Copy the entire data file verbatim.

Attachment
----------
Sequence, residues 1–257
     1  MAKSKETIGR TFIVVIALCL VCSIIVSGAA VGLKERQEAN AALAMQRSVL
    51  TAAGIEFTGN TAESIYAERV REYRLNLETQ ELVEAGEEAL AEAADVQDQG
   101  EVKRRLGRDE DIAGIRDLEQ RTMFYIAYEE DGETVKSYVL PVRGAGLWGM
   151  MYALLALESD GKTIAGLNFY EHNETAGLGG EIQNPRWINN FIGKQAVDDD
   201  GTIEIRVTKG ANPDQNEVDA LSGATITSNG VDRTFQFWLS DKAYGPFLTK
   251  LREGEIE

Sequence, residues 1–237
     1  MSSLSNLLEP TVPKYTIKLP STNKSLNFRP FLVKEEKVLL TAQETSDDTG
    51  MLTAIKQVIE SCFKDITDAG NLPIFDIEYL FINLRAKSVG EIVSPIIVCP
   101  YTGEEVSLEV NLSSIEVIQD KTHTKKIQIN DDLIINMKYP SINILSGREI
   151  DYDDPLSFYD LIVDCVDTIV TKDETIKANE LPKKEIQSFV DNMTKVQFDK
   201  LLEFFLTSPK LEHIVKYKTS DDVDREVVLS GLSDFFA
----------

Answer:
Sequence, residues 1–257
     1  MAKSKETIGR TFIVVIALCL VCSIIVSGAA VGLKERQEAN AALAMQRSVL
    51  TAAGIEFTGN TAESIYAERV REYRLNLETQ ELVEAGEEAL AEAADVQDQG
   101  EVKRRLGRDE DIAGIRDLEQ RTMFYIAYEE DGETVKSYVL PVRGAGLWGM
   151  MYALLALESD GKTIAGLNFY EHNETAGLGG EIQNPRWINN FIGKQAVDDD
   201  GTIEIRVTKG ANPDQNEVDA LSGATITSNG VDRTFQFWLS DKAYGPFLTK
   251  LREGEIE

Sequence, residues 1–237
     1  MSSLSNLLEP TVPKYTIKLP STNKSLNFRP FLVKEEKVLL TAQETSDDTG
    51  MLTAIKQVIE SCFKDITDAG NLPIFDIEYL FINLRAKSVG EIVSPIIVCP
   101  YTGEEVSLEV NLSSIEVIQD KTHTKKIQIN DDLIINMKYP SINILSGREI
   151  DYDDPLSFYD LIVDCVDTIV TKDETIKANE LPKKEIQSFV DNMTKVQFDK
   201  LLEFFLTSPK LEHIVKYKTS DDVDREVVLS GLSDFFA